A serious bit of my thought is devoted to pondering questions of space. I have been lucky enough to have had the resources to install sound and projection into really magical places. My first site-based installation Inhabitants was installed into a fountain outside/inside the Mills music building. I noticed this location when I first visited Mills and knew I would create something there. This space was forgotten and unused but contained so much mystique and detail I felt there were inhabitants there. I attempted to recreate these inhabitants. Certainly to really understand you had to be there, that’s really both the magic and problem of doing site-based work. Documentation can be tricky and sometimes not worth showing (as in this case). I do have the video and sound from it and have actually submitted it to festivals like the Streaming Festival and been show in that context. This piece was also shown at the Electronic Music Midwest festival. I went there and projected it onto the front of the building. I also showed it at Hyponogia in 2009. I used a small room in the theatre and projected onto three layers of transparent fabric. I felt that was a successful re-install.
I experimented with other small projects after this but the next really big project was Shadows. I wanted to create an interactive environment in a space that would normally not have any visitors. This was a hallway that went nowhere. In this hallway you were confronted by projected shadows, pitches that matched your depth in the hallway and then the playback of your own shadows next to your real time shadow. This piece pointed to the futility of space but also brought linear temporality to question. Shadows themselves encompass a huge amount of aesthetic and temporal qualities. It was fun to try to highlight some of those, but I feel like this piece has not been fully realized yet.
My installation piece man-made weather tackled a number of issues that are important to me but mainly questioned the use of electronic, consumptive media as a form of self expression. It was also an ode to the historical Mills Concert Hall as it was about to be renovated (I sonically burned it to the ground). Again, the event was documented but I think seeing the actual footage is more interesting. I separated the videos into two separate parts. I wish that you could update videos on Youtube. I have 500+ views on this but I uploaded it years ago and the formatting is completely messed up now.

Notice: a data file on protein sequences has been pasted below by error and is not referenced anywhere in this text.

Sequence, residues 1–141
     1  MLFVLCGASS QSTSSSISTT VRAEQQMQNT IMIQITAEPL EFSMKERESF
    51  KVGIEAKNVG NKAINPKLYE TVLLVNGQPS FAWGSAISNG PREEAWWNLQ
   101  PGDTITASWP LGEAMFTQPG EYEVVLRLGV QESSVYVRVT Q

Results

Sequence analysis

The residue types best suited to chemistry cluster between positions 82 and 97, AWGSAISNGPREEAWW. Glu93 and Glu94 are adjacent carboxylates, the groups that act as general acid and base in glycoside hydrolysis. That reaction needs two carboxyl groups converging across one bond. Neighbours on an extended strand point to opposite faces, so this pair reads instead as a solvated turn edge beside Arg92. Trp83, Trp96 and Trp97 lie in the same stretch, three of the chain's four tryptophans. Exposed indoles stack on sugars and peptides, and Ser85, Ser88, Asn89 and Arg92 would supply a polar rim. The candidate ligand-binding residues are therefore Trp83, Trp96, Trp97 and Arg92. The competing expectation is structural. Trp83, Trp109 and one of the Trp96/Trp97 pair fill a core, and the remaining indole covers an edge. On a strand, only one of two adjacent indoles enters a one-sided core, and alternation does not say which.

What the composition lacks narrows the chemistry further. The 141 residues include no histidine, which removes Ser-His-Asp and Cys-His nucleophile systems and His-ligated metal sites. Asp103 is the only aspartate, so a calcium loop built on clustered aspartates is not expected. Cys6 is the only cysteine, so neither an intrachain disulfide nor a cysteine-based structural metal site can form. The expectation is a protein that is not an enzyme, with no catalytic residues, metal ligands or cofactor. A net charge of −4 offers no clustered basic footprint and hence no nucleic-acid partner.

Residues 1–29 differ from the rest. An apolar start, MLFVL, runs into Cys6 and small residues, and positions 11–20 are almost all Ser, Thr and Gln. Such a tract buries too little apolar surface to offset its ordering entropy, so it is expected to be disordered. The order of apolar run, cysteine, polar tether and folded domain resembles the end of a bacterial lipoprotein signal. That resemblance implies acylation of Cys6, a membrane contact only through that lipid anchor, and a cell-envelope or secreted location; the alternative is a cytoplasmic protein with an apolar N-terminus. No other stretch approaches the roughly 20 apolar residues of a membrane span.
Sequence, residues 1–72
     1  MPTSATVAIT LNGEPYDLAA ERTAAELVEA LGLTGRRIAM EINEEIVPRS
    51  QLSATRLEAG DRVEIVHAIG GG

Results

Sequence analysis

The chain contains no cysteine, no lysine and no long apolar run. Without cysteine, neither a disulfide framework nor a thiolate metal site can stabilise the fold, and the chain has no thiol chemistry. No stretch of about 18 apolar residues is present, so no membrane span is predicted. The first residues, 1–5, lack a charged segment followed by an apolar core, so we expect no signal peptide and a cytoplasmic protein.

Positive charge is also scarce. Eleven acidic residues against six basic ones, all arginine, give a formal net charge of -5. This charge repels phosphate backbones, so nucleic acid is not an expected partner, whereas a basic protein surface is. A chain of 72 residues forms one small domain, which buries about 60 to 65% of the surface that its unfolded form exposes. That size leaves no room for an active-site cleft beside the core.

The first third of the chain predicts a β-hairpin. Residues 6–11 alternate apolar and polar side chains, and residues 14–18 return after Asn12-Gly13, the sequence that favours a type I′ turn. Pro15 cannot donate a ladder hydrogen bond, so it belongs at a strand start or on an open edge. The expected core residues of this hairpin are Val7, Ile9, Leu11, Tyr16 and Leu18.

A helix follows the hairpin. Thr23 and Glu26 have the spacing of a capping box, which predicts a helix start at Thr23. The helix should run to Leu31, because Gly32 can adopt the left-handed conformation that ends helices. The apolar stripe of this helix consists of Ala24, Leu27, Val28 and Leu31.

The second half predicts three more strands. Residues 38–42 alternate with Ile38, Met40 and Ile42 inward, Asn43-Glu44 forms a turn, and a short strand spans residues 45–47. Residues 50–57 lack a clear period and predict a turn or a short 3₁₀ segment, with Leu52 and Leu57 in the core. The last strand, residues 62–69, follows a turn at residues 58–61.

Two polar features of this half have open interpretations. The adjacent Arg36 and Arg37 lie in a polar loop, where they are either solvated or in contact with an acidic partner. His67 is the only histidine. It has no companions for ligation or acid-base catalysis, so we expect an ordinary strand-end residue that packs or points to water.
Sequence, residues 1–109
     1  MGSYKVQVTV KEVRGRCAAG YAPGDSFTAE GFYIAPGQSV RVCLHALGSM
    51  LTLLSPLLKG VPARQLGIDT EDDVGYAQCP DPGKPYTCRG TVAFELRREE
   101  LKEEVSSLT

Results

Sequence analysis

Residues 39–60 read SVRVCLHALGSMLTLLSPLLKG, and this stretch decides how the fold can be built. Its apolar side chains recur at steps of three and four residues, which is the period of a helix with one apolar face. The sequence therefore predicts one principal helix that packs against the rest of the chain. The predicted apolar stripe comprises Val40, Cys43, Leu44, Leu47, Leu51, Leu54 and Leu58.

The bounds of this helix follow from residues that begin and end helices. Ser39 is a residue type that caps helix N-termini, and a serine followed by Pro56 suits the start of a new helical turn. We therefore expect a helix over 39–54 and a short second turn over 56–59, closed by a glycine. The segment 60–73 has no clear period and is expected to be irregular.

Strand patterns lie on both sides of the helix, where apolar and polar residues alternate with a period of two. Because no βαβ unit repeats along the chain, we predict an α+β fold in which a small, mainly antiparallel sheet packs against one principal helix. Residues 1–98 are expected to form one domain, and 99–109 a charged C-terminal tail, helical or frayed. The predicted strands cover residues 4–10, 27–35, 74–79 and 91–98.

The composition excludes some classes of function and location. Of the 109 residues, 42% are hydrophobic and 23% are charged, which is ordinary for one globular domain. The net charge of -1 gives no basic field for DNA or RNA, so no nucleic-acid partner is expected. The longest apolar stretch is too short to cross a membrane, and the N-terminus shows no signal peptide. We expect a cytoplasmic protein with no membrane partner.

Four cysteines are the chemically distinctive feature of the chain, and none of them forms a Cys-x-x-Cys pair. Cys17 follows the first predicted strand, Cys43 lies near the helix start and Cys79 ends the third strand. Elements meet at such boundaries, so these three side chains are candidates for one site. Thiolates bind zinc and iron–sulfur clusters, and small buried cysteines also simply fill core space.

The installation The Exchange was a collaboration with The Norman Conquest. This piece was designed for the Brava Theatre Entrance Hall, but could be installed in any reverberant space. This time I wanted to work with sculptures rather than video and use analogue gear in both my process and the presentation of the piece, rather than a computer.
Illuminated Forest (2010) was a large scale project involving four main artists – Jorge Bachmann, Ben Bracken, Alan So and myself, and and array of other media artists with installations housed inside of ours. The project had residency at THE LAB in SF for a month and was an interactive environment using sound, video, and sculptedfabric. We used a camera to map out the space as well as motion sensors. We wanted to create an immersive environment that emulated an ecosystem where all actions have some sort of consequence.
Most recently I co-created Phasolume with Jonas Gruska, a Slovakian sound artist. It is a moble piece that can be installed in any dark environment. We used old cellphone motors, jars, LEDs, and built and programmed a chip similar to arduino to run the sequences. What’s nice and clean about this piece is that there’s no computer running the installation.
Fireflies (or Lamyridea) lose no heat producing their light and together create sequences that eventually sync with each other. Phasolume sonifies these patterns as well as creating an opportunity for a participant to play with the mystery of illuminating darkness.